January 17, 2019
Butternut squash

Butternut Squash and Fruit Chutney

by Berkeley Wellness  

Much like salsas, chutneys can be made of all sorts of things, though the most familiar type is mango chutney. The flavor of mango is present here, but the star ingredient is butternut squash, which is rich in beta carotene. If you like, you can use frozen butternut squash cubes, but add them when you add the apple (step 3), because they are softer than fresh squash. Serve as a condiment with meat or poultry.

Makes 4 cups.


  • ¾ cup mango or apricot nectar
  • 3 tablespoons apricot all-fruit spread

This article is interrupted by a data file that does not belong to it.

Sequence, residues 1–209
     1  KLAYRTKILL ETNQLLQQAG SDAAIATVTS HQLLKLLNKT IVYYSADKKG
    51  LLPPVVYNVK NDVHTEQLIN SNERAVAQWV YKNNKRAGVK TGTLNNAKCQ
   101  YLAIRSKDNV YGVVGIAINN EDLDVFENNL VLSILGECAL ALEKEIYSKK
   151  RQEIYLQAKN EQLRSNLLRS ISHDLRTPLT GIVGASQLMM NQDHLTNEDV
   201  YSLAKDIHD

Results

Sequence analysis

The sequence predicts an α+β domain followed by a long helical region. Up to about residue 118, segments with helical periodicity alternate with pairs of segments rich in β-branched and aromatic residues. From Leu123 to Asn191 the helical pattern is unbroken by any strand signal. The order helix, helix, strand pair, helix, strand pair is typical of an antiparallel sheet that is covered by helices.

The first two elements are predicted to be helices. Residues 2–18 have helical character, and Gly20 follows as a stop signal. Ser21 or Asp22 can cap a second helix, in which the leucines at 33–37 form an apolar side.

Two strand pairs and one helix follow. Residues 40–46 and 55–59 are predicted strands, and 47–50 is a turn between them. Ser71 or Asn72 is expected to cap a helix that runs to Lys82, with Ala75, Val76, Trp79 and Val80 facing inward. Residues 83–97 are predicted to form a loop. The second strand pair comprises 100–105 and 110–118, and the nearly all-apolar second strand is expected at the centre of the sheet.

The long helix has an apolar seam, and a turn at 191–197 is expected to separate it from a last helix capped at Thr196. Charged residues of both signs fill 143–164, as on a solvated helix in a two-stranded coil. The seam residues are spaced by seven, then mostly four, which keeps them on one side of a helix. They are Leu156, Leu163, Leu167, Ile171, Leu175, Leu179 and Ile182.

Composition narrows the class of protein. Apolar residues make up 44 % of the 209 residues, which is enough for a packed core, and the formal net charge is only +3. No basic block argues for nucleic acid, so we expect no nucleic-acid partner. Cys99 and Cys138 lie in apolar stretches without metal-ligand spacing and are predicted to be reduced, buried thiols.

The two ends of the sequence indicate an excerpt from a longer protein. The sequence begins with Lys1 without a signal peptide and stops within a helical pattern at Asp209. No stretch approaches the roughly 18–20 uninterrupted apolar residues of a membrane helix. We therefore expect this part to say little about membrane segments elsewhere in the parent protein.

• 1 tablespoon cider vinegar
  • 1½ teaspoons curry powder
  • ½ teaspoon salt
  • 2 cups diced butternut squash
  • ½ cup dried apricots, coarsely chopped
  • 1 Granny Smith apple, cut into ½-inch chunks
  • ⅓ cup finely chopped red onion


1. In a medium saucepan, bring the mango nectar, fruit spread, vinegar, curry powder, and salt to a boil over medium heat.

2. Add the squash and apricots, and reduce the heat to low. Cover and cook until the squash is firm-tender, about 10 minutes.

3. Stir in the apple and red onion. Cover and cook until the apple and squash are tender, about 5 minutes. Cool to room temperature. Store the chutney in the refrigerator.

Nutrition per ½ cup: 80 calories, 0g total fat (0g saturated), 3g dietary fiber, 21g carbohydrate, 1g protein, 150mg sodium.

A good source of: beta carotene, fiber, potassium, vitamin C.

Also see Lime-Raisin Chutney.